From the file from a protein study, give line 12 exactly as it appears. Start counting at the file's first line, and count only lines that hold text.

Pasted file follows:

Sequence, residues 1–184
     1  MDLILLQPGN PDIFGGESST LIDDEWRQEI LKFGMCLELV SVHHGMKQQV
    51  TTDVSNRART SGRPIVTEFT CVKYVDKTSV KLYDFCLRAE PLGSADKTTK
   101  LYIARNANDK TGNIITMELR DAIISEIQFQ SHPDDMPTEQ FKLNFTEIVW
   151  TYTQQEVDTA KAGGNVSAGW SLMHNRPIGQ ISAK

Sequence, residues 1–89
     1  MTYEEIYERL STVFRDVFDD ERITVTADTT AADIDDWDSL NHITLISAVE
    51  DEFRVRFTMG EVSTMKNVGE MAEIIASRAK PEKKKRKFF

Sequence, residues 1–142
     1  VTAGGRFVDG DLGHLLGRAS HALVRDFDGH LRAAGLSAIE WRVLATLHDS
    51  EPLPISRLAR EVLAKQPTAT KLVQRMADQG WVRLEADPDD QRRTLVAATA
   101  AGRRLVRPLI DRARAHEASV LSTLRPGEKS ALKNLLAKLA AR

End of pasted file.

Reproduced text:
   101  AGRRLVRPLI DRARAHEASV LSTLRPGEKS ALKNLLAKLA AR